The psychological benefit of immediate reconstruction is tremendous for the patient. Shortly after the operation, she will be able to dress and wear a swimsuit without using external breast prosthesis, and without people noticing she underwent a full mastectomy. Not so long ago, some said it was necessary for the patient to endure the psychological suffering of mastectomy and « mourn her breasts », to appreciate better the reconstruction later on. From my experience, I don’t believe this to be necessary, although it is easier to satisfy with an average result a patient that went through a secondary reconstruction. Some patients that had an immediate reconstruction imagine that it is simply a plastic surgery and can be quite picky and hard to satisfy.
In any case, it is important to explain clearly before the operation that the reconstructed breast, even in the best way possible, will never be like a non-operated breast. There will always be, at least, a loss of sensitivity, even if the appearance and consistency of the reconstructed breast are identical to the opposite breast.
Patients demanding a reconstruction do usually so from the beginning, when opting for a full mastectomy. The reconstruction, whether done with prosthesis or with flap, doesn’t prevent from starting chemotherapy, when necessary, within normal schedule after surgery.
On the contrary, radiotherapy will interfere with the quality of the result in immediate reconstruction, by altering the skin tissue. For this reason, the decision of an immediate reconstruction is sometimes only taken during the operation, depending on the analysis of the sentinel node that determines the need for a post-operative parietal radiotherapy. Overall, if the node is normal, there will be no parietal radiotherapy and an immediate reconstruction can be done. If the node is affected, an additional dissection is accomplished and the surgery will be followed by chemotherapy and radiotherapy. Under these conditions, the reconstruction will only take place thereafter.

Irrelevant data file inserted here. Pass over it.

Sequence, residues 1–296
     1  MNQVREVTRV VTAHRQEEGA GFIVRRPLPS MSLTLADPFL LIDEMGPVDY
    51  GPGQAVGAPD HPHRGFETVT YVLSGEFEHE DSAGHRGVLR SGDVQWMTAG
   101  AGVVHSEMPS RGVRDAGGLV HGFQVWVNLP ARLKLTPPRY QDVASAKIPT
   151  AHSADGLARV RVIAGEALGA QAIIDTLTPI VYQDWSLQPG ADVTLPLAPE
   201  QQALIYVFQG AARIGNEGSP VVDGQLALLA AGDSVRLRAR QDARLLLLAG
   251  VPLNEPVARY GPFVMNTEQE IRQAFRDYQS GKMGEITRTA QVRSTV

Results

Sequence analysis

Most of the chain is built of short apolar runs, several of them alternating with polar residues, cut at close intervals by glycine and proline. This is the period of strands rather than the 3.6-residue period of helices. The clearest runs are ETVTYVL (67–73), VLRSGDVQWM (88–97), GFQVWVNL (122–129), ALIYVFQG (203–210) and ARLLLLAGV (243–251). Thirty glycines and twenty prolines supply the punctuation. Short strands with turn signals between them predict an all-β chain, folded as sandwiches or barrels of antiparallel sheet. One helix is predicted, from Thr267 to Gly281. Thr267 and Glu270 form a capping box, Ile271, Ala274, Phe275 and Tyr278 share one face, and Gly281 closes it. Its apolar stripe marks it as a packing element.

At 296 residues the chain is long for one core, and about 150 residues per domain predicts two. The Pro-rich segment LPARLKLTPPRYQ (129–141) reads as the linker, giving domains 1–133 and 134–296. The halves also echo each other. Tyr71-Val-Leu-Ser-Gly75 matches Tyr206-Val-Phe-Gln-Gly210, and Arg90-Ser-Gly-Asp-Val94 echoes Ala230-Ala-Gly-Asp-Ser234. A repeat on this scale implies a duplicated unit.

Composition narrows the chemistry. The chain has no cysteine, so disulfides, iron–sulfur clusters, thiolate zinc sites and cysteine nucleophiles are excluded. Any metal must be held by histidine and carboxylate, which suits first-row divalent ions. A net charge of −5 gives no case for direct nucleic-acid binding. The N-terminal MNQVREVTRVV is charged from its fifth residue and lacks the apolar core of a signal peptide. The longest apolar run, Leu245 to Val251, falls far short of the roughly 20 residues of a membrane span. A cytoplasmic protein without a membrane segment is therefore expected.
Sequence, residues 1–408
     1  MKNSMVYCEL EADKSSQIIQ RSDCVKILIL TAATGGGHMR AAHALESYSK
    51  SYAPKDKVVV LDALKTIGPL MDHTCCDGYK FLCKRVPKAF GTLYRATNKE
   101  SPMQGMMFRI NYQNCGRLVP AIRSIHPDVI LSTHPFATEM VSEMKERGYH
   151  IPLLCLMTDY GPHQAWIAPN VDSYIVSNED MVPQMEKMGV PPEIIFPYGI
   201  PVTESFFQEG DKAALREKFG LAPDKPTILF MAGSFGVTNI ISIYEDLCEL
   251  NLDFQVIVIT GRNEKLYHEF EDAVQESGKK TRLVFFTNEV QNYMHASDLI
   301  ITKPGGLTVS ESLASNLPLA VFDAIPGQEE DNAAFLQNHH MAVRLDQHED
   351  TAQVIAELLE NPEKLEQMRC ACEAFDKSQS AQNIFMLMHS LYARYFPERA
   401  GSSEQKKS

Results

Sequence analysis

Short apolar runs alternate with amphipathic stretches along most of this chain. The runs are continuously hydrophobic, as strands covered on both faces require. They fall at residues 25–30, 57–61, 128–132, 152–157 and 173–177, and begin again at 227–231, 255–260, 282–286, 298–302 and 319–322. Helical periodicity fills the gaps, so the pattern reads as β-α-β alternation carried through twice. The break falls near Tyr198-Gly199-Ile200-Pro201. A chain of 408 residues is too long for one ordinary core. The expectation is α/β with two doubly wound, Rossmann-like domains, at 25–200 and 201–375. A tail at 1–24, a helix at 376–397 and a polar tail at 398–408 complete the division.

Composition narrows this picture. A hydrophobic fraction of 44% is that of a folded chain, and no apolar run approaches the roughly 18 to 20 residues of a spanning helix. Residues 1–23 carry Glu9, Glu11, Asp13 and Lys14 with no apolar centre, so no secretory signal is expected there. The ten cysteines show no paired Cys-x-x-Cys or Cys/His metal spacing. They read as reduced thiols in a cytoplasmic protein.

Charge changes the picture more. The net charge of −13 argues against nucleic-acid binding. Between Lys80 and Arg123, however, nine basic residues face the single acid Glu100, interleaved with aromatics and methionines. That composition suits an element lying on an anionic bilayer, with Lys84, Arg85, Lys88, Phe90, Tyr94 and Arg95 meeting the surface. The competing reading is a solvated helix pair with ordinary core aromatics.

However, there are special situations, with possible exceptions depending on each patient. For instance, when the patient is thin, with substantial breast volume and no possibility of secondary reconstruction with TRAM flap. We can then immediately reconstruct using an expander, knowing that the result, despite radiotherapy, will maybe be better than a secondary reconstruction with prosthesis (or with dorsal flap and prosthesis) on irradiated skin.
In other situations, after a conservative treatment, analyses indicate an additional mastectomy. If a chemotherapy and a radiotherapy were also to be indicated, the mastectomy, rather than being carried out prior to adjuvant chemotherapy, could be done at the end of treatment after radiotherapy, with the possibility of immediate reconstruction with an autologous flap.
An immediate reconstruction with prosthesis would be risky due to wound healing problems on irradiated skin.
Similarly, there is a major complication risk (around 30% reconstruction failure in my experience) when immediate reconstruction with a prosthesis is done on an irradiated breast, even with moderate distance from the irradiation. The decision of an additional mastectomy may be related to the occurrence of local recurrence or to the late discovery of a genetic disorder, the patient then requesting a prophylactic mastectomy. In these situations, if immediate reconstruction is chosen, it is safer to use flaps without prosthesis.